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Pongo returns

Outdoor Living

BETTER DAYS Pongo the Pine Marten raiding a bird feeder in more sprightly times.

Country Sights and Sounds

John Shelley

Pongo is alive and well. After being listed as missing in action for weeks on end, he turned up in the garden at midday and went straight to the bird table to see if there was anything there he might eat. He was visibly disappointed to find nothing but a handful of muesli, which he tipped to the floor disdainfully before clambering down and snuffing through the mess too pick out a few bits of fruit.
I had been there all along, thinking of clipping back last years new growth on the apple trees, a cheese sandwich in my hand. I pulled away a small corner of crust and flicked it in his direction. He either saw it or heard it land, for up went his nose, his nostrils flaring as he homed in on the fragment with remarkable accuracy.
When I tossed him a small piece of cheddar he turned his head toward me and I could see how very old he has become. His eyes appear small and sunken, the fur around his muzzle thickly grizzled and the scars about his head more pronounced than ever. He moved with less grace than before, his steps somehow stilted and the curve gone out of his back.
I squatted down and he stared in my direction, though whether or not he saw me clearly I couldn’t say. At least the infection that had turned his right eye white seemed to have cleared up. I flicked another piece of cheese toward him and he came a yard closer to pick it up. Light snow whirled down from a leaden sky, flecking his thick winter coat with white.
“Hello old chap”. I spoke to him as he chewed at my offering, then dropped more pieces to draw him closer. He found each one by using his nose, waving his head from side to side until he was sure of its location then heading straight for it. When he came to within a foot of my hand I offered him the rest of my sandwich, thinking he might actually take a bite as I held it. He thought about it, too, but suddenly turned and swept away as if he had suddenly become aware of my presence.
We must feed him well now, for as long as he needs us.
I found further signs of another pine marten close to Moore Hall; a small coil of purple-stained droppings left on one of the fallen trees, a sort of signpost declaring that the woods there are private property and that all other martens should stay away.
The ruined house would make an ideal haunt for Peaches, if that scat was indeed left by the female that sometimes accompanies Pongo when he comes to raid our bins. She is likely pregnant. In fact, the last I saw of her she looked surprisingly round, although she probably won’t give birth until March or even April.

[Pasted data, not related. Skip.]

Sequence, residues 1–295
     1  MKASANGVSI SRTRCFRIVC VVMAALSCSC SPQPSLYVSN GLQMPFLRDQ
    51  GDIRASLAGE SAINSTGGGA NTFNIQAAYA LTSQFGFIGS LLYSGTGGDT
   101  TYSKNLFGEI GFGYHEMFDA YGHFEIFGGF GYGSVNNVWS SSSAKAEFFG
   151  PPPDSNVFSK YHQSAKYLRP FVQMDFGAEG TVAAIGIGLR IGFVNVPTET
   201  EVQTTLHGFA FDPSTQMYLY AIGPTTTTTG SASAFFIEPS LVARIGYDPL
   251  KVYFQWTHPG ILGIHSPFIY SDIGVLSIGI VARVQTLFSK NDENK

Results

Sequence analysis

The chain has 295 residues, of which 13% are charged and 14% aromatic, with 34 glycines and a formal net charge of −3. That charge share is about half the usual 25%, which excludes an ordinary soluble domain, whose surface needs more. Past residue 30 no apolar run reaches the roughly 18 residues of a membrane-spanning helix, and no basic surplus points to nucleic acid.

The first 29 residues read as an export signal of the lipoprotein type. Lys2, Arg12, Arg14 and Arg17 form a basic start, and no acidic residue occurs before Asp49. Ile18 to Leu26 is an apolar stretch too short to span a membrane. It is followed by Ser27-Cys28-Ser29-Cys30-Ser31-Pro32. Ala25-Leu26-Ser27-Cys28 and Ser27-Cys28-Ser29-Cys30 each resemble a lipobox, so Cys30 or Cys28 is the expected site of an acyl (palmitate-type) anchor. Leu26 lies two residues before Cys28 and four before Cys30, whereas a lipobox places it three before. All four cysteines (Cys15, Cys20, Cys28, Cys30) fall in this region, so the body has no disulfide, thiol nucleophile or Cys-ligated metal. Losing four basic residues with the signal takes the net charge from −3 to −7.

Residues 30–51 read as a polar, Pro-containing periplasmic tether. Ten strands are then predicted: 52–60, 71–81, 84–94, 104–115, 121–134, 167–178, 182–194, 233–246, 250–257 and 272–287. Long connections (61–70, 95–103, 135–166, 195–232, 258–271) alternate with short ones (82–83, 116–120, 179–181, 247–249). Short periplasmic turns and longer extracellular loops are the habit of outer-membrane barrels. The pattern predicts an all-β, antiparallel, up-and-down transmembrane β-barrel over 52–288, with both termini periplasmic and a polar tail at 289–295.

We found another marten strolling along the road perhaps half a mile from the house, this one about two thirds grown, slender and lithe, bushy-tailed and shining in the late winter sun.
It slipped into the undergrowth at the roadside, so I stopped the car about 50 metres on, switched off the engine and waited, trusting that the animal would be curious enough to check us out. And so it was. A neat, dark head appeared above the rough grass, then disappeared for a moment before coming back into view once more. Then I made the mistake of getting out of the car and it was gone.
Could this be one of Pongo’s own? It does seem likely, for a seasoned male wouldn’t tolerate the presence of a rival within his territory, which probably covers several hundred acres. Or perhaps it’s a young pretender to Pongo’s throne, evicted from his homeland further round the lake by his parents and searching for a place to call his own.
Although the country has more pine martens now than there have been for many years, there’s a long way to go before they reach their former numbers. The Vincent Wildlife Trust estimates they cover only half of their historical range, and are locally extinct in some areas.
Secondary poisoning, through eating poisoned rodents, constitutes a threat to their survival, as do speeding cars and the fragmentation of habitat, where tracts of scrubland are cleared for agriculture or development. We are fortunate, here in Mayo, in that we still have a good deal of relatively undisturbed territory where Pongo and his family can continue to thrive.
It is a privilege to have them about the place. More, it shows our land is healthy yet.

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